"It's not about the Iraq War, the Afghanistan War, or whatever war we're in at this point," del Sol says. "It's the idea that you can carve out safety zones. It's not to say whether war is right or wrong. It can refer to anyplace."

The planned, gated communities of South Florida. The condo boards of New York. "The idea is growing all over the world, to make safe zones," says del Sol. "It's very scary. That we're only going to take care of road A to road B. Everything outside is not our concern."

HOME FRONT

Guerra de la Paz continue to create and show in South Florida. At the recent Art Basel Miami Beach, one of their pieces was purchased by Charles Saatchi. At the Art and Culture Center of Hollywood, where they had a solo show in 2004, they will participate in the group show "Child's Play," from June 7 to July 30.

"Their work is fascinating," says Joy Satterlee, the Hollywood facility’s executive director. “Their last exhibit was exciting, colorful and captivating. It's amazing the kind of art they can create from recycled pieces."

Guerra and de la Paz continue to evolve and travel. Their latest installations are reinterpretations of ancient mythology, much of it shaped by their show last year in Istanbul. "We did the tourist thing and fell in love with the Hellenistic sculptures," says de la Paz. Among other new pieces are a tree of found clothing inspired by Apollo and Daphne and a trio of soldiers that are an updated version of The Three Graces.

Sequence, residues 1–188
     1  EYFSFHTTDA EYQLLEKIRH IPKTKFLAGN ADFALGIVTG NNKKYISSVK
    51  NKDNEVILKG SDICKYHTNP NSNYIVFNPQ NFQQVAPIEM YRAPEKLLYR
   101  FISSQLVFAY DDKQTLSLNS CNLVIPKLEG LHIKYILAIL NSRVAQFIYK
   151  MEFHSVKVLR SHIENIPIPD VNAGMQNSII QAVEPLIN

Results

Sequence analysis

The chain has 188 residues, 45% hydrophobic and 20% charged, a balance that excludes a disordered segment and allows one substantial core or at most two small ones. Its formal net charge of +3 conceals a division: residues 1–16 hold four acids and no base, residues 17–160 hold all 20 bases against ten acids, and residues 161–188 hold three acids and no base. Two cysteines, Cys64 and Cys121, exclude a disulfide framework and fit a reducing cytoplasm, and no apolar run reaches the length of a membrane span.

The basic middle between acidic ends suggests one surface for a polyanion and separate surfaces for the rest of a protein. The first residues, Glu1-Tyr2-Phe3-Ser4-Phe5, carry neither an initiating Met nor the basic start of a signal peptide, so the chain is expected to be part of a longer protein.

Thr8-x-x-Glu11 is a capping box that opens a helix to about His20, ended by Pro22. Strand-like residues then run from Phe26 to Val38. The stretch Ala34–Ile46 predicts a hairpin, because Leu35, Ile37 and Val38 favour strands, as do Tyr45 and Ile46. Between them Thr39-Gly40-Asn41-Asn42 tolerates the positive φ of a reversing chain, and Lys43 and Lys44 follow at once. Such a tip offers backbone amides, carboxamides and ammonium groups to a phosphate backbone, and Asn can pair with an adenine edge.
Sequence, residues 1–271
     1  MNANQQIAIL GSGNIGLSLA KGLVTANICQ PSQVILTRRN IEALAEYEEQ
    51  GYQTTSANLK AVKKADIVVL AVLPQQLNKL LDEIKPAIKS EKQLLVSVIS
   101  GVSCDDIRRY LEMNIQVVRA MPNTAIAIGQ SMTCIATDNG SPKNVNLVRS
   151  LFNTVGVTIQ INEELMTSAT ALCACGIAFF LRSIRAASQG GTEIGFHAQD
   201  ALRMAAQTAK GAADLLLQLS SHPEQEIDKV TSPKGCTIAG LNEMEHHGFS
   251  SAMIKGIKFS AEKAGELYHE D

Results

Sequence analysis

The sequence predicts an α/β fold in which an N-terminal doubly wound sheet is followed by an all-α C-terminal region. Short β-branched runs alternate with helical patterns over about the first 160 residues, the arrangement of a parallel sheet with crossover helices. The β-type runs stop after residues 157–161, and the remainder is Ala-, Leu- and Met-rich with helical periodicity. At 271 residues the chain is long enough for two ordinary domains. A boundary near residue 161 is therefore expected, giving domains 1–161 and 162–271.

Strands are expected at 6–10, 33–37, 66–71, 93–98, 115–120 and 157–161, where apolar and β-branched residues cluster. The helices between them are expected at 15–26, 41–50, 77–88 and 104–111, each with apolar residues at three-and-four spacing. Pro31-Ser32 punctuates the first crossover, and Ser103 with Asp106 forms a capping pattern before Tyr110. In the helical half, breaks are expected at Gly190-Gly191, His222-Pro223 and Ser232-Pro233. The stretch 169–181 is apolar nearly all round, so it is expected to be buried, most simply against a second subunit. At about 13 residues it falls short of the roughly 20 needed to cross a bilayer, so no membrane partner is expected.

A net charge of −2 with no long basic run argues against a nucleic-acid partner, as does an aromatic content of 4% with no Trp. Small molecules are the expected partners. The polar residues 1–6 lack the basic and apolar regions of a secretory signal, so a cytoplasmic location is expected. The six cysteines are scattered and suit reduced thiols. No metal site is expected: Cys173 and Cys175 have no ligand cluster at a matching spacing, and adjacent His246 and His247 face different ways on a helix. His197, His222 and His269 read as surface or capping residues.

Many of the works are scheduled to be shown this fall in Berlin, Paris and London. The pair will also be participating in an artist residency program this summer, in the mountains of Spain.

Little Haiti remains the pair’s creative home, where they soak up the vibrant culture. In the back of their warehouse, beyond the small outdoor garden patio where they sit and reflect, the air is filled with the sounds of laughter and domino games from the backyards of small homes.

"We love it here," Guerra says.

For how long, who knows? They intend to stay for as long as the rents allow, but revitalization has a way of pushing out creatives. "We do expect it to happen," says de la Paz. "When it's time to move on, it's time. It's part of the cycle. When we see designer baby strollers on the sidewalks, we know we've overstayed our welcome."